Per the Pixies, ‘Where is my mind?’


confusionMy brain is mush. I have the attention span of a gnat.

That phrase, the attention span of a gnat, how do scientists even measure what the attention span of an insect is? Let me google that . . .

See? Complete lack of focus. My thinking is a series of side notes, Internet searches, and unrelated tangents.

Anyway, my brain. I recently concluded I irreparably damaged it.

Each morning my routine is the same.

“Where is my wallet!”

“I can’t find my truck keys!”

“Shit, I know I laid my security badge down here last night.”

Every. damn. morning.

My maternal grandmother died of complications from dementia. Scarring of the brain, as her doctor described it. I’m 37. I worry.

Sometimes I will wait in long lunch lines and forget what I want by the time I get to the counter. And grocery stores? God, help me if I don’t have a list. Using paper towels, even in the privacy of your own home, is embarrassing when you forgot the one thing you went to the store to actually buy.

My reading has gone to pot as well. Once upon a time I could pick up a new book and read it rather I liked it or not. Lately, I can’t even concentrate long enough to read a bathroom sign. I almost walked into a women’s restroom the other day.

I keep buying and checking out books, and hoping.

The pile of novels began over the past three months now gathering dust include: 7 Habits for Highly Successful People; The Golden Finch; The Price of Salt; Dissident Gardens; and Psychotic Reactions and Carburetor Dung by Lester Bangs.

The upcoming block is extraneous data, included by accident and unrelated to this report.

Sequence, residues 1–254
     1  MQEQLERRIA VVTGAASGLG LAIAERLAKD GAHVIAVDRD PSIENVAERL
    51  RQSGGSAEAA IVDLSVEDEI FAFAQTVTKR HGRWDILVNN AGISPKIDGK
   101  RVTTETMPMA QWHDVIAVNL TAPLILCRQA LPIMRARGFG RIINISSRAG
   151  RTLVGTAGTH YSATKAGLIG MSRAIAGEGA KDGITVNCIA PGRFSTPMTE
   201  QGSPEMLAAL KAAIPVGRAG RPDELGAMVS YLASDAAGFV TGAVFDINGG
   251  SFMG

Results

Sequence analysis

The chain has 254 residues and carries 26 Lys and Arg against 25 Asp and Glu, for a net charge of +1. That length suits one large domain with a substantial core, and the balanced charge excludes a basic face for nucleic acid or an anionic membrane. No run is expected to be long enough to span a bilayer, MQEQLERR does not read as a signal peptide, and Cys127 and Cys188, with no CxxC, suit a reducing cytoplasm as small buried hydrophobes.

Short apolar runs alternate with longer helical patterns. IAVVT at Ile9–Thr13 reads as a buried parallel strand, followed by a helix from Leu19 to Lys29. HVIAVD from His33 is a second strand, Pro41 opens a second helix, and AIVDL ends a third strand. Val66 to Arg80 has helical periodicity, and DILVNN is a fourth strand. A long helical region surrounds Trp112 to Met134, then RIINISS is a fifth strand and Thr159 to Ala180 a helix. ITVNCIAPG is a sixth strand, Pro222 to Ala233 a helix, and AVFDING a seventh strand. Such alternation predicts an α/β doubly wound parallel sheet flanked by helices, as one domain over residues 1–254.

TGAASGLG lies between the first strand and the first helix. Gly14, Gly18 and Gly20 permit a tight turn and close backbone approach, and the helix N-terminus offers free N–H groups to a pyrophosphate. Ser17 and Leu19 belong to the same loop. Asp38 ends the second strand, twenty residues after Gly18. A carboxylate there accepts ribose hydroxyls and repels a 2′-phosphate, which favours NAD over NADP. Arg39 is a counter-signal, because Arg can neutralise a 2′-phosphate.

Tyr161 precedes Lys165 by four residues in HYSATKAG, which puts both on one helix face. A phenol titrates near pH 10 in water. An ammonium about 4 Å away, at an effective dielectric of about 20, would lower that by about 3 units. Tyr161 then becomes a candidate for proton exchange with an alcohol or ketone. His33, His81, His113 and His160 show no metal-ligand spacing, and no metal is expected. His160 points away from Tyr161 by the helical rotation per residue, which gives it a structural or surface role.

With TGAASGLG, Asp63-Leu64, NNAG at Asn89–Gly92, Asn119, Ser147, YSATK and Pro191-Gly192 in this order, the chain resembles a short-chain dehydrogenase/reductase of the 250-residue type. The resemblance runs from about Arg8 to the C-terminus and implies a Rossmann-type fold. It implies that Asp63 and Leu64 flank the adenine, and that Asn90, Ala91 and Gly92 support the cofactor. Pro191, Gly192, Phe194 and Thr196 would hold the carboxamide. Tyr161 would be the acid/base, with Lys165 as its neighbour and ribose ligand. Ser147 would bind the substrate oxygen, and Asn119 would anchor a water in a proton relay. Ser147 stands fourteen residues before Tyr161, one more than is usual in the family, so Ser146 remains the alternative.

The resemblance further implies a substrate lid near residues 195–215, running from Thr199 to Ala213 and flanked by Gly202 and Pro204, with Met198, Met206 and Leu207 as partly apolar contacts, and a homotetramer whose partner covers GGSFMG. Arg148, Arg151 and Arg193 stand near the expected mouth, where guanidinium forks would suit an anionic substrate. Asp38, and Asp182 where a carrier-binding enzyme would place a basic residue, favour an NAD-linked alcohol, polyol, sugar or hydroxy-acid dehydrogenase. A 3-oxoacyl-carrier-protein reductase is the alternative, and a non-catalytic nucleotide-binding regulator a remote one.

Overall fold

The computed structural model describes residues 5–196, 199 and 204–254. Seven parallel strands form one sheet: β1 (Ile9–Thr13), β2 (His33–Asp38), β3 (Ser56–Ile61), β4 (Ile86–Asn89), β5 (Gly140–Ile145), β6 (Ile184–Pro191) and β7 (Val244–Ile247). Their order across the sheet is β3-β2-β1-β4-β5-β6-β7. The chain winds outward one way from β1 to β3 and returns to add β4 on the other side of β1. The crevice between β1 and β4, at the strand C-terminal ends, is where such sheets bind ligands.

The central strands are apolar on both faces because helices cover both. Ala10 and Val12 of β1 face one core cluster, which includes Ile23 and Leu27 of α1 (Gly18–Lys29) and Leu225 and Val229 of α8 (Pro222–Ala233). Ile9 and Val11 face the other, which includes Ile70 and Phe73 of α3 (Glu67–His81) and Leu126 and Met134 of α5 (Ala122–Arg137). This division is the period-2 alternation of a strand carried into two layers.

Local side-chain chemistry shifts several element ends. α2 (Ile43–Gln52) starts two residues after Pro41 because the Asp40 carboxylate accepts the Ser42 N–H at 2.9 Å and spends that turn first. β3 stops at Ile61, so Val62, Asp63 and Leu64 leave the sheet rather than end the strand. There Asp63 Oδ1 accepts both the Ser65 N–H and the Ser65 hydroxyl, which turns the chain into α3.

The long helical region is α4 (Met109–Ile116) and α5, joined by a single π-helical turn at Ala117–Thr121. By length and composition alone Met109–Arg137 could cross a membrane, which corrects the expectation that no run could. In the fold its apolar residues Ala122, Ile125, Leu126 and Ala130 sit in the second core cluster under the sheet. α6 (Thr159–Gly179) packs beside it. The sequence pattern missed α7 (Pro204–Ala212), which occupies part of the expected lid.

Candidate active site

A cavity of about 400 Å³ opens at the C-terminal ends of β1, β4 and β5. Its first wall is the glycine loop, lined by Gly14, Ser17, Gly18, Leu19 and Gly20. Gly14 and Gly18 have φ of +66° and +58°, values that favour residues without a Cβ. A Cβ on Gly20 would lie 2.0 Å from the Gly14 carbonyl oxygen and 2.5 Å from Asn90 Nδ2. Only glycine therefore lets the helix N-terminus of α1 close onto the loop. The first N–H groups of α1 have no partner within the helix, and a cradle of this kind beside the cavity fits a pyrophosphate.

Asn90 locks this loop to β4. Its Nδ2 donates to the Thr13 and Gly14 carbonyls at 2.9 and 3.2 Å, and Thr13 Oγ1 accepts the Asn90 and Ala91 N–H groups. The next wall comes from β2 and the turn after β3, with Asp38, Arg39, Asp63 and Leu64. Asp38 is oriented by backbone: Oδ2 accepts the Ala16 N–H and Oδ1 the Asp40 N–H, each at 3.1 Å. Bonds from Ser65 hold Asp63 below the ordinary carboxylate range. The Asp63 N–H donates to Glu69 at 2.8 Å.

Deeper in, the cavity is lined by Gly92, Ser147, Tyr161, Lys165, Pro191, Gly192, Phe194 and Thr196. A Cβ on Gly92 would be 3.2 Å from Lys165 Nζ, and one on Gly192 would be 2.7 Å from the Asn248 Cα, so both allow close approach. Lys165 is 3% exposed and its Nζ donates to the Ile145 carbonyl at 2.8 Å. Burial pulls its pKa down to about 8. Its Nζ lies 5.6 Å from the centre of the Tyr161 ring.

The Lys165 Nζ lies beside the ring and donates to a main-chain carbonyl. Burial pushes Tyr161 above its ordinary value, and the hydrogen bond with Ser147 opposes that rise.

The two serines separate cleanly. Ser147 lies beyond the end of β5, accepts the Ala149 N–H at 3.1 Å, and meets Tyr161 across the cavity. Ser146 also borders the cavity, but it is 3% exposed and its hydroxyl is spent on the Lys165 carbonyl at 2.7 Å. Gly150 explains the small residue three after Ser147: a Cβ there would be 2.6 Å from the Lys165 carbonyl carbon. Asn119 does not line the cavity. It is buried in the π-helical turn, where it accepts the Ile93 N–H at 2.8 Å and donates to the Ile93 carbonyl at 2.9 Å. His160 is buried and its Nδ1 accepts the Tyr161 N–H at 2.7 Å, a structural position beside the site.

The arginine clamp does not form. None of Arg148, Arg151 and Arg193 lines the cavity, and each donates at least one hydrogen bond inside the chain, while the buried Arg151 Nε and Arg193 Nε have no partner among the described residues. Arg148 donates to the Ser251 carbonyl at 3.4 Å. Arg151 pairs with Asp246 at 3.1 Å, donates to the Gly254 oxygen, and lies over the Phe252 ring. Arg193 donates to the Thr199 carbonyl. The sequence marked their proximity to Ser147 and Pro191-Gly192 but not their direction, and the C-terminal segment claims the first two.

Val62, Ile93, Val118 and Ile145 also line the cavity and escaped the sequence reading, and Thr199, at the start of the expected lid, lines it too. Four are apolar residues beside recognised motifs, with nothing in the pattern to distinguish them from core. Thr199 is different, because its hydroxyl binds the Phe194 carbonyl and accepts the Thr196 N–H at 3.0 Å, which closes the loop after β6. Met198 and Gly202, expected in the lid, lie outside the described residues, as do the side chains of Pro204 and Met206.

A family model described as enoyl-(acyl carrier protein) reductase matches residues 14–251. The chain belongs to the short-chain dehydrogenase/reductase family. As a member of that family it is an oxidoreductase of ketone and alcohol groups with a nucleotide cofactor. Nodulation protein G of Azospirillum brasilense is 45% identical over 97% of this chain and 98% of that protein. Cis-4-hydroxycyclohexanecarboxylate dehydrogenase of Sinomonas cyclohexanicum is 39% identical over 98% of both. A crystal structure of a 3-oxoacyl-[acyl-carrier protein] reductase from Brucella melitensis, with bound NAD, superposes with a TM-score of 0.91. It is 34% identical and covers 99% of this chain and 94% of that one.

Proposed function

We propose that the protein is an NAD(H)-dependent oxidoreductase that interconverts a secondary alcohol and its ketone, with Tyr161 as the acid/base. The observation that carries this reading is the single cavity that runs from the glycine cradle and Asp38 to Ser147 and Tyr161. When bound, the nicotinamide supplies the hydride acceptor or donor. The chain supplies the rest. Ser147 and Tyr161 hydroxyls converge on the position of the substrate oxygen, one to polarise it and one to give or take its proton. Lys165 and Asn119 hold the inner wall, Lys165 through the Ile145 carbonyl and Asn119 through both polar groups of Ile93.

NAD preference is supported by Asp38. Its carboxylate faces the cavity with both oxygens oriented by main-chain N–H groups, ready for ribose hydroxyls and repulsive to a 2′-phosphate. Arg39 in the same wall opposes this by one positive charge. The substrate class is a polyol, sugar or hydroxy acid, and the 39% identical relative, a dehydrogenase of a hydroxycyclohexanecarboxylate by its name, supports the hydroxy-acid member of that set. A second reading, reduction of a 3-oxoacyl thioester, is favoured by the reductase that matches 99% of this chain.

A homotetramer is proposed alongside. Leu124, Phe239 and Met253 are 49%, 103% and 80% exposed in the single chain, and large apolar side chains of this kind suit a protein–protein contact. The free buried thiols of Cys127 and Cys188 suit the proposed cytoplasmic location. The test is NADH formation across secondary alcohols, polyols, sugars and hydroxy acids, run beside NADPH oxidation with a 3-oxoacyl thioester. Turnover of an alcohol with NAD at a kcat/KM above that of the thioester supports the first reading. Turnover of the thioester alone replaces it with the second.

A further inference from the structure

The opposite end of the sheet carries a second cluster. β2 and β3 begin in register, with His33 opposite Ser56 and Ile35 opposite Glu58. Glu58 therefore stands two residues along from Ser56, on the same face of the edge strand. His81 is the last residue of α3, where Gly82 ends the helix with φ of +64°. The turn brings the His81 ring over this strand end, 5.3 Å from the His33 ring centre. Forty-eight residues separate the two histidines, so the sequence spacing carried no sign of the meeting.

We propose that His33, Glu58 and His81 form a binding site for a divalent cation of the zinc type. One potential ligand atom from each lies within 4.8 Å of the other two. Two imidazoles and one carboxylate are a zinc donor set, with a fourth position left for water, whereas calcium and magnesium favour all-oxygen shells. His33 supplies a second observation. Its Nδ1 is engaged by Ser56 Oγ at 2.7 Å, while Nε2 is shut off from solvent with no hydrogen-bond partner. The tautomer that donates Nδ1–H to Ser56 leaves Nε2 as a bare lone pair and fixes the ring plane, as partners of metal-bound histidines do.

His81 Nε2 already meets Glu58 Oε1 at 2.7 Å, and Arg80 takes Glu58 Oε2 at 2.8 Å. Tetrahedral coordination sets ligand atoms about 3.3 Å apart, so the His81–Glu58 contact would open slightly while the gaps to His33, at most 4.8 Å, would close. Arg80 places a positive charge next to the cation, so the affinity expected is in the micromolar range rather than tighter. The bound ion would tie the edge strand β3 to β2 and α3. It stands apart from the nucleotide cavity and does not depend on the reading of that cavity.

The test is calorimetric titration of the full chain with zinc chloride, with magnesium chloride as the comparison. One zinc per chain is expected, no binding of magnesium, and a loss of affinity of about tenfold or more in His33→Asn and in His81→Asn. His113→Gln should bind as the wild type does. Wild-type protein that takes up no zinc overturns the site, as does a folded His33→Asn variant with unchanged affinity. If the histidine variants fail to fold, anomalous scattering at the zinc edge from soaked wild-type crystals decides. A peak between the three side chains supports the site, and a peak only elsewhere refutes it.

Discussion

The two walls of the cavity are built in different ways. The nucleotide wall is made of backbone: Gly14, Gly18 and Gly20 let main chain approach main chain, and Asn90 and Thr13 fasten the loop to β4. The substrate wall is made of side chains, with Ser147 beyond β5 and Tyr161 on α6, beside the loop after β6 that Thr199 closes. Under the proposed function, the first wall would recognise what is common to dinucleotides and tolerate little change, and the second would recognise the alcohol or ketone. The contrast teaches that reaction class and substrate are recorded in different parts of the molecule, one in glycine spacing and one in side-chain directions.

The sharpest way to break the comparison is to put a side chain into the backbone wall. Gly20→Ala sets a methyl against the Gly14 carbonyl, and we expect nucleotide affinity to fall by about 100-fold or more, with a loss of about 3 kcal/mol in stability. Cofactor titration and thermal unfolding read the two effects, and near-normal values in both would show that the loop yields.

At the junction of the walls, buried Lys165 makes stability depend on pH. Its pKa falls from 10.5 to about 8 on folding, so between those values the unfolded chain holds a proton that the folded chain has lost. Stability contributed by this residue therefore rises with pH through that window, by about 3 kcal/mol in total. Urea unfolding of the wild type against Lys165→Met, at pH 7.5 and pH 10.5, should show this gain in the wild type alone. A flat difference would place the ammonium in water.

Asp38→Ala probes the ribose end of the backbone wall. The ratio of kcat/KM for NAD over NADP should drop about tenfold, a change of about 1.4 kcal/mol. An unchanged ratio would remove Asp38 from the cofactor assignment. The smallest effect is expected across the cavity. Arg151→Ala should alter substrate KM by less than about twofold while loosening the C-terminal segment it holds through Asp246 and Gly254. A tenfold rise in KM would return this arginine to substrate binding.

readingI live in a house of half-read books.

I actually kind of blame my career and the modern digital world for some of this absent-mindedness.

Considering, writing, reading and living used to be a slow and deliberate thing. A lot of thinking, copy editing, printing, delivering, weighing options, waiting and then deciding what to spend my hard-earned cash on to read. Radio was a bit more passive (and free), but still, I had to choose specific times and places to sit still and listen. The voices and music engaged my imagination when I did. Same with TV, to a lesser extent. But now the Internet – a constant stream of information on mobile devices that are always on, that I always feel the need to quietly check or intrude with alerts screaming for attention . . .

That bathroom I almost walked into? I’m pretty sure an iPhone was involved. And it’s so easy to skim, flip, switch, all for free! And if suddenly not free, well, people are free  to move on somewhere else. (For the record, I like subscription content online. If I’m buying it, then I’m really enjoying it, more likely actively engaged with the it, and it in turn is usually of a higher quality.)

I’ve informed the world of many things on Twitter without actually reading what I promoted in my feed.

And,the irony, oh the irony. I work in the medium, pushing out content to try to engage and get your attention. I at least hope you re-tweet my tweet even if you haven’t read, just for the off-chance someone else does. Sometimes though I get the sneaking suspicions that I’m contributing to a cycle that saps our ability to focus. And sadder yet, a lot of what I send out probably gets lost in the ether.

I think we have the attention span of a gnat. You know, with cell phones and Twitter.

~ Jeff Daniels

Perhaps the only brain save in my life now is my running. At least I do that without the Internet in my face. Come to think of it, I can’t remember the last time I got lost on a route or forgot where I was while running. And I didn’t need Google maps to tell me where to go our how to get back either.

No, instead, I had my iPhone strapped to my arm with the Internet tracking and recording my every move so I could dissect and distract later.

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